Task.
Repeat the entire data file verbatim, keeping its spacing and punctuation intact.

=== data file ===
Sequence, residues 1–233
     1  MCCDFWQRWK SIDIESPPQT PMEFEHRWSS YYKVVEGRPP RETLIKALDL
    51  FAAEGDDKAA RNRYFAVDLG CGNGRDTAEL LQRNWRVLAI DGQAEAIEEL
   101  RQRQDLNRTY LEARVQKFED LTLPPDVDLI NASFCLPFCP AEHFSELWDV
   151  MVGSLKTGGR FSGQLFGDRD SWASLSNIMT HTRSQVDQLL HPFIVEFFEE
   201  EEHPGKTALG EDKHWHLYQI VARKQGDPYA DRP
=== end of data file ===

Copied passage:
Sequence, residues 1–233
     1  MCCDFWQRWK SIDIESPPQT PMEFEHRWSS YYKVVEGRPP RETLIKALDL
    51  FAAEGDDKAA RNRYFAVDLG CGNGRDTAEL LQRNWRVLAI DGQAEAIEEL
   101  RQRQDLNRTY LEARVQKFED LTLPPDVDLI NASFCLPFCP AEHFSELWDV
   151  MVGSLKTGGR FSGQLFGDRD SWASLSNIMT HTRSQVDQLL HPFIVEFFEE
   201  EEHPGKTALG EDKHWHLYQI VARKQGDPYA DRP